Charter schools have been in the news recently. This is due in large part to Tiana Parker, an adorable 7-year-old in Tulsa who was unceremoniously sent home the second week of school for violating her school’s dress code policy, which labeled dreadlocks and afros – hairstyles natural to black children – as “faddish.”
After a public outcry, the board of Deborah Brown Community School, Tulsa’s first charter, rescinded the policy. One might think case closed, end of story. Ah, but not so fast.
The charter school’s new policy swaps the section on hairstyles with a clause giving the school administration the right to address “any personal hygiene issues that it believes causes a risk…or detracts from the educational environment” — the subtext being that natural hair is a health risk.
In media interviews, Tiana’s father also flagged another disturbing policy at his daughter’s former school – spanking students. Tiana’s older sister was removed from Deborah Brown when the Parkers refused to allow teachers to spank their child. While corporal punishment is allowed in Oklahoma, public schools in the state banned the practice decades ago.
The charter school formula (publicly funded, privately run) was intended to be a new form of public school that would develop and share innovative practices, and lead to improvements among traditional public schools. There have been individual success stories, but we are also learning about the pitfalls of the charter school process: “freedom” wielded without oversight or scrutiny can lead to poor outcomes.
In too many cases, charter schools are public schools that operate with impunity, unaccountable to parents and taxpayers alike. As Tiana’s story reveals, the freewheeling, free-market analogies applied to education don’t always hold up when the “consumers” are children. You quickly discover that the grooming of black children’s hair earns special attention as a slippery slope that can lead to disorder.
With the growth of unsupervised charter schools, eliminating public school bureaucracy has created its own set of problems. There have been cases of financial failures, forcing some schools to close mid-year, with kids suffering the academic and social consequences. There’s also the issue of ‘free’ public education that’s not quite free. In Chicago, a network of charter schools raked in almost $400,000 by charging parents fines for student infractions like chewing gum, falling asleep in class, and carrying a Sharpie.
These are the consequences for students that are fortunate to make it through the door. Many times charter schools put up hurdles to make sure that only the “right” students are even admitted. A special investigation by Reuters found charter schools use a range of screening practices such as “disciplinary history, motivation, special needs and even their citizenship, sometimes in violation of state and federal law.” Once a child makes it into the school, charters have also been accused of dumping weaker students back into the public school system, thinning the herd to generate better test scores. In New York and Chicago, parents have pushed back on charter school “push out” by exposing the high number of English Language Learners and students with special behavioral and learning needs who have been suspended at public charter schools.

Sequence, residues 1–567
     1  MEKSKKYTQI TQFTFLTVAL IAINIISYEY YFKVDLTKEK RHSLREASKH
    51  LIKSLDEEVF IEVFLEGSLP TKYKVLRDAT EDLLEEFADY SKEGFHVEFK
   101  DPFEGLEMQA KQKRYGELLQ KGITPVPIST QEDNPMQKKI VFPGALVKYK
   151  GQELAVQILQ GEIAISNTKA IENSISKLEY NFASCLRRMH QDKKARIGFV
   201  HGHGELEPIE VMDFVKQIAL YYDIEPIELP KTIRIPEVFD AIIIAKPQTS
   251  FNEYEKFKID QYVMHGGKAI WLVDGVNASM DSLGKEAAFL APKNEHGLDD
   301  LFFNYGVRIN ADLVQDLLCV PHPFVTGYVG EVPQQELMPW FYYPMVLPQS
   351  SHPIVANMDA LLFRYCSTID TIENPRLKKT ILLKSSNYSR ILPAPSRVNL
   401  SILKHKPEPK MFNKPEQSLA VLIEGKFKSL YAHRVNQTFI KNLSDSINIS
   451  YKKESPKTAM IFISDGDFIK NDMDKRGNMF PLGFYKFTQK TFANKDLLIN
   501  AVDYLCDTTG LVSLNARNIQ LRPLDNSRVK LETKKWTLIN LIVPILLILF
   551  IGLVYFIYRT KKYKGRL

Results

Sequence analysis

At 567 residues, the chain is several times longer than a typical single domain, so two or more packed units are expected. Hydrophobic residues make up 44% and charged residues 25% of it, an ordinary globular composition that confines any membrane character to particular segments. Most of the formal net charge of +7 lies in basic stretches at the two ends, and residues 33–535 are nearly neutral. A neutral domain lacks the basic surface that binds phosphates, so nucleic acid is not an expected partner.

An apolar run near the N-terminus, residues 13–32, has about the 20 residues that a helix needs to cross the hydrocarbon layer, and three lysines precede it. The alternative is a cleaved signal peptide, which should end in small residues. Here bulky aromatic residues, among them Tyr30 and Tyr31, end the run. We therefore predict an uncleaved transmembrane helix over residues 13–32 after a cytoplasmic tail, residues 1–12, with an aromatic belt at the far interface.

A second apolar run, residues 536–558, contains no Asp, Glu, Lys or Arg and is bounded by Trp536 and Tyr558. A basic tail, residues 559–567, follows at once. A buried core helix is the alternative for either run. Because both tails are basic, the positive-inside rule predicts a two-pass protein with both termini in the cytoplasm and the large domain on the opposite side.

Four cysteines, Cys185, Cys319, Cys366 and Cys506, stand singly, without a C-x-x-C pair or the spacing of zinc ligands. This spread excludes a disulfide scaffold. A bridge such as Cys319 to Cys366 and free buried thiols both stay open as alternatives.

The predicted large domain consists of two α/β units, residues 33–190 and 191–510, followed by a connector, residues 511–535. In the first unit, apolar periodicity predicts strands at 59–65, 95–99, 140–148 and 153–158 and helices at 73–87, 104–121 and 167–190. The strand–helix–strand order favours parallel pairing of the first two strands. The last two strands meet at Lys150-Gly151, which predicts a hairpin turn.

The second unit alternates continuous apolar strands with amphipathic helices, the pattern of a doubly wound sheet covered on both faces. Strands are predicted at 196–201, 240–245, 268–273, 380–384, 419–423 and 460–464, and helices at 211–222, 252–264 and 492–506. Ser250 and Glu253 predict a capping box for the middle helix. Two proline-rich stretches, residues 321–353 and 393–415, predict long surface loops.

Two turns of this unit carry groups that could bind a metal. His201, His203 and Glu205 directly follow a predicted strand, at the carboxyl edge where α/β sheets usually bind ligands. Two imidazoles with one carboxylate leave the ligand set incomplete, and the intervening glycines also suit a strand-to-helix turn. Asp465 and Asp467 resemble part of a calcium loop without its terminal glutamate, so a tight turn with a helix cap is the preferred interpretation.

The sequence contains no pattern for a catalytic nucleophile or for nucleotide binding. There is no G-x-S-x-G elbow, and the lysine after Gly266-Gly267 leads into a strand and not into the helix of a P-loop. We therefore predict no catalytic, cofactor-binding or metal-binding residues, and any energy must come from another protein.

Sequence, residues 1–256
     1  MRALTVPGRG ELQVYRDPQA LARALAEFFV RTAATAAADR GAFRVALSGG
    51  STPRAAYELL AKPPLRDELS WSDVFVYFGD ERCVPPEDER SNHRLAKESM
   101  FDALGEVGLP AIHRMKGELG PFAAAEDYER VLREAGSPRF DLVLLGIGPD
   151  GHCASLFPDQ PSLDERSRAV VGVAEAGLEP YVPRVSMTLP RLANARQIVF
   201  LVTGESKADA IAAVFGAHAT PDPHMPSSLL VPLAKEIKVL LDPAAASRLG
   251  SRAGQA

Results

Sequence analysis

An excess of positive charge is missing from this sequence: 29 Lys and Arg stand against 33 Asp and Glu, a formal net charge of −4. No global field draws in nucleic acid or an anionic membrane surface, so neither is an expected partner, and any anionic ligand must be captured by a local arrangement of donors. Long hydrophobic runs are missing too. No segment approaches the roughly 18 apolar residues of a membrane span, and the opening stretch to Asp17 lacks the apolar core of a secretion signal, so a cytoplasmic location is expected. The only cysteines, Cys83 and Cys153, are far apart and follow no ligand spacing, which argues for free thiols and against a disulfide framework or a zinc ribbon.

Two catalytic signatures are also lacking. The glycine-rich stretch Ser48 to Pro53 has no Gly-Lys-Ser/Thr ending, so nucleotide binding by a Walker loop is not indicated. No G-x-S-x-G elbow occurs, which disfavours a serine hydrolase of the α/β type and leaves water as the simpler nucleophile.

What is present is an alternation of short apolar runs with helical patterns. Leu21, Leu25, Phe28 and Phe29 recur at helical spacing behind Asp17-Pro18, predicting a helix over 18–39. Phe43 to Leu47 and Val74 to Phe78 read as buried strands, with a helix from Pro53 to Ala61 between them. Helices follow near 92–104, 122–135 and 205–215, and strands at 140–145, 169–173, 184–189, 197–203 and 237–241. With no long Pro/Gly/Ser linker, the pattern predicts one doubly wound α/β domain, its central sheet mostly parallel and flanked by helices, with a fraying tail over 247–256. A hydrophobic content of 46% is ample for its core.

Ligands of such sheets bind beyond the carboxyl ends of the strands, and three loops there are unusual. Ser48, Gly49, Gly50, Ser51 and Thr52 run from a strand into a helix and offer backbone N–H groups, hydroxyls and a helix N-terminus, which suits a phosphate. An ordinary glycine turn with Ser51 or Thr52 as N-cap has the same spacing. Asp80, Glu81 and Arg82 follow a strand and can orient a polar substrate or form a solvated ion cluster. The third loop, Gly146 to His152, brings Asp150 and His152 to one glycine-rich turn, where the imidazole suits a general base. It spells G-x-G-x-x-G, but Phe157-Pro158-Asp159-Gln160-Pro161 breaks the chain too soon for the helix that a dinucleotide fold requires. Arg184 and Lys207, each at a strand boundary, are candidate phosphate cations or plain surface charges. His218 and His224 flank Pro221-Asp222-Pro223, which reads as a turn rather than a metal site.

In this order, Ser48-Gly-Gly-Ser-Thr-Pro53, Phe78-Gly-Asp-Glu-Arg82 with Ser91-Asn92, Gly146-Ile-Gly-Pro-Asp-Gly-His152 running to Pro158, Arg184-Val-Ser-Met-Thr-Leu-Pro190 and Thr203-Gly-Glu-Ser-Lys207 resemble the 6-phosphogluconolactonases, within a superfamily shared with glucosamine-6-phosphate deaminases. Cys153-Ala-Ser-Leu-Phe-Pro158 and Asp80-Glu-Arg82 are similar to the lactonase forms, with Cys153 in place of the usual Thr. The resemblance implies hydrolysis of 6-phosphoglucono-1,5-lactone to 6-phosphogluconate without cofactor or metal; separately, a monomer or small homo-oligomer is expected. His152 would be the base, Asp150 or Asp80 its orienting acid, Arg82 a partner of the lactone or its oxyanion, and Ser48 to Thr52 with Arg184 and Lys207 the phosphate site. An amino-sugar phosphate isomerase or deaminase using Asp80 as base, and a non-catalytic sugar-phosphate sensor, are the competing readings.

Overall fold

With charter schools springing up like crazed dandelions, the recklessness of this laissez-faire approach to public education is taking on new urgency.
A nationwide epidemic of school closings is underway in Chicago, Philadelphia, Washington, D.C. and other cities. In every case, the closings are concentrated chiefly in poor and minority communities, with charter schools eagerly waiting to fill the void. In Philadelphia, as students bear the brunt of the wholesale destruction of a public school system, the district developed a step-by-step guide to help charter schools and private developers scoop up vacant buildings.
Cases like Tiana Parker’s expose the downside of replacing public schools with unmonitored charter schools. While there is a role for charter schools in the public education system, charter schools should be held to at least the same standards of transparency and openness required of traditional public schools.
Established to be laboratories of experimentation, charter schools have morphed into an elaborate system of publicly-funded private schools that fend off children with special needs, push out students who don’t work hard and police little girls’ hair.
As the saying goes, with freedom comes great responsibility. That calls for more charter school scrutiny. As the number of charter schools increases, states must do a better job of holding taxpayer-funded charter schools accountable for quality and operational standards.
Even the most ardent charter school supporters should be concerned that a lack of oversight and uneven quality is degrading the charter school movement. More Tianas can only diminish the brand.